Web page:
Microsoft uses quality and compatibility data to identify issues that might cause a Windows client feature update to fail or roll back. When we find such an issue, we might apply safeguard holds to the updating service to prevent affected devices from installing the update in order to safeguard them from these experiences. We also use safeguard holds when a customer, a partner, or Microsoft internal validation finds an issue that would cause severe effect (for example, rollback of the update, data loss, loss of connectivity, or loss of key functionality) and when a workaround isn't immediately available.
Safeguard holds prevent a device with a known issue from being offered a new operating system version. We renew the offering once a fix is found and verified. We use holds to ensure customers have a successful experience as their device moves to a new version of Windows client.
The safeguard holds lifespan varies depending on the time required to investigate and fix an issue. During this time, Microsoft works diligently to procure, develop, and validate a fix and then offer it to affected devices. We monitor quality and compatibility data to confirm that a fix is complete before releasing the safeguard hold. Once we release the safeguard hold, Windows Update resumes offering new operating system versions to devices.
Safeguard holds only affect devices that use the Windows Update service for updates. We encourage IT admins who manage updates to devices through other channels (such as media installations or updates coming from Windows Server Update Services) to remain aware of known issues that might also be present in their environments.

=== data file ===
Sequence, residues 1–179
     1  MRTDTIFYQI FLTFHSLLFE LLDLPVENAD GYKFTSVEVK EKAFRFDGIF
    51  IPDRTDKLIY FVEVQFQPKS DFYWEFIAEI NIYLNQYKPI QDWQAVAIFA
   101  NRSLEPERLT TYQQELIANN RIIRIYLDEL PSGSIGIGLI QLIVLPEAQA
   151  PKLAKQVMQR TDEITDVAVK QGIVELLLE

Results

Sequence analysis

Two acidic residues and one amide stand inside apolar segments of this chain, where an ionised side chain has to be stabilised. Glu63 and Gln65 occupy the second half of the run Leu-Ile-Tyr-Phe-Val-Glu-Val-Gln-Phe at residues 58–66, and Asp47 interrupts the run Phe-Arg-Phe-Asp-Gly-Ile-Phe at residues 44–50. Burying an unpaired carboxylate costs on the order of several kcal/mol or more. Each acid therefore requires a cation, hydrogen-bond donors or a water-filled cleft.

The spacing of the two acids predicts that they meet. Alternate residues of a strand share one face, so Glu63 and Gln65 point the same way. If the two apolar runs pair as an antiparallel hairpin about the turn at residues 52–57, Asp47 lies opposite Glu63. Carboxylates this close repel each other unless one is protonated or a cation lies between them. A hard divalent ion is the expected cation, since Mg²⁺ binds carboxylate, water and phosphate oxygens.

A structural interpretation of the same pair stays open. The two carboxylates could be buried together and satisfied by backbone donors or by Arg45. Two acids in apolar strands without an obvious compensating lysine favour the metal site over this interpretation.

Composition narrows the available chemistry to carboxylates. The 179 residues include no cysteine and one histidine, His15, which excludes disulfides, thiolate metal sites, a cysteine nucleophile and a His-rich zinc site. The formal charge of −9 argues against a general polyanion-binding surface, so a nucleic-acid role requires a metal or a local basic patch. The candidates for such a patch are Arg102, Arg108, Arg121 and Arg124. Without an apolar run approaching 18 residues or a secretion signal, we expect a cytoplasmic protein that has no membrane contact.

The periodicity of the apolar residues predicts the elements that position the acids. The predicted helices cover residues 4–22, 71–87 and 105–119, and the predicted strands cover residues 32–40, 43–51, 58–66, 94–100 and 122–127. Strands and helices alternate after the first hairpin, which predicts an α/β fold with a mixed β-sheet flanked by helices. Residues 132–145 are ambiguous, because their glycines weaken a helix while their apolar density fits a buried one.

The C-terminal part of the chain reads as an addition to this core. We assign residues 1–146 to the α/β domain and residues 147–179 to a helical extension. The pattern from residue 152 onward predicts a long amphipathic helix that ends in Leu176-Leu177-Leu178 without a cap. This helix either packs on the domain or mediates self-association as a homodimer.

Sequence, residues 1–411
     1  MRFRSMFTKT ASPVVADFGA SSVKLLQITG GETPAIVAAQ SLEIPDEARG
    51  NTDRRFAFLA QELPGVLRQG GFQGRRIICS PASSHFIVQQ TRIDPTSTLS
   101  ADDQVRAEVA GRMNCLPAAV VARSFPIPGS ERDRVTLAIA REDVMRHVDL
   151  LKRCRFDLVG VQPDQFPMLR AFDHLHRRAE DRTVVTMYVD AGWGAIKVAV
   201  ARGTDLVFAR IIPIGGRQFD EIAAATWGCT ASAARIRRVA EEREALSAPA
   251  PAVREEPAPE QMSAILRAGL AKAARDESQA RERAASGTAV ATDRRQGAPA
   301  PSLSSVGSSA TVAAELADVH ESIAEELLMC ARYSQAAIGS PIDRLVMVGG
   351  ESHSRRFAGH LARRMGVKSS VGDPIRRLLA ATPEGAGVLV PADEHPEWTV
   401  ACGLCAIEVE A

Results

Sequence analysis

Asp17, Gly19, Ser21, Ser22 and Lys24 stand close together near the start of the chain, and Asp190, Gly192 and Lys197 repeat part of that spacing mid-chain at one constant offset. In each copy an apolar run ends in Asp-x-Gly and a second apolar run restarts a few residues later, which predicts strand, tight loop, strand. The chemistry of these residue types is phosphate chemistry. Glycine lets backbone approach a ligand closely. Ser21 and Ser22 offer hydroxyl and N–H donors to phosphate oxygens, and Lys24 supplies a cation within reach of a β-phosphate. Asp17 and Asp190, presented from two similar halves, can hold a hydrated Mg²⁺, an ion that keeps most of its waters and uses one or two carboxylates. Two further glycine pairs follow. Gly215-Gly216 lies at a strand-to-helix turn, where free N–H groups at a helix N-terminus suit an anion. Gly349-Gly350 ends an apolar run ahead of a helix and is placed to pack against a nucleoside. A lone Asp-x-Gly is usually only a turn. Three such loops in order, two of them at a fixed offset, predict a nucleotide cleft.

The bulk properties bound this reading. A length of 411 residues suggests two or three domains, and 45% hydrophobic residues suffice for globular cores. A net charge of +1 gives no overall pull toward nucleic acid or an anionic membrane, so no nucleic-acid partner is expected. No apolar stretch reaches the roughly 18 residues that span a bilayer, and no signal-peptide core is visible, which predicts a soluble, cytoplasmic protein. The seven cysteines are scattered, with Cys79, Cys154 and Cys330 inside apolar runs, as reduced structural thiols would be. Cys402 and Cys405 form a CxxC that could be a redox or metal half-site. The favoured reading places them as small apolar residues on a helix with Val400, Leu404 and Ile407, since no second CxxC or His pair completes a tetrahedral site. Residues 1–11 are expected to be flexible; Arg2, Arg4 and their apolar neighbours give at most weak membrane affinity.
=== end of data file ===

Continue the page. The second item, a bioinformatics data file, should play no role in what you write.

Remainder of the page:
IT admins managing updates using the Windows Update for Business deployment service also benefit from safeguard holds on devices that are likely to be affected by an issue. To learn more, see Safeguard holds against likely and known issues.
Am I affected by a safeguard hold?
IT admins can use Windows Update for Business reports to monitor various update health metrics for devices in their organization. The reports provide a list of active Safeguard Holds to provide you with insight into the safeguard holds that are preventing devices from updating or upgrading.
Windows Update for Business reports identifies safeguard holds by their 8-digit identifiers. For safeguard holds associated with publicly discussed known issues, you can find more details about the issue on the Windows release health dashboard by searching for the safeguard hold ID on the Known issues page for the relevant release.
On devices that use Windows Update (but not Windows Update for Business), the Windows Update page in the Settings app displays a message stating that an update is on its way, but not ready for the device. Instead of the option to download and install the update, users see a message.
This message means that the device is protected by one or more safeguard holds. When the issue is resolved and the update is safe to install, we release the safeguard hold so the update can resume safely.
What can I do?
We recommend that you don't attempt to manually update until issues have been resolved and holds released.
Opting out of a safeguard hold can put devices at risk from known performance issues. We strongly recommend that you complete robust testing to ensure the impact is acceptable before opting out.
With that in mind, IT admins who stay informed with Windows Update for Business reports and the Windows release health dashboard can choose to temporarily opt-out of the protection of all safeguard holds and allow an update to proceed. We recommend opting out only in an IT environment and for validation purposes. If you do opt out of a hold, this condition is temporary. Once an update is complete, the protection of safeguard holds is reinstated automatically.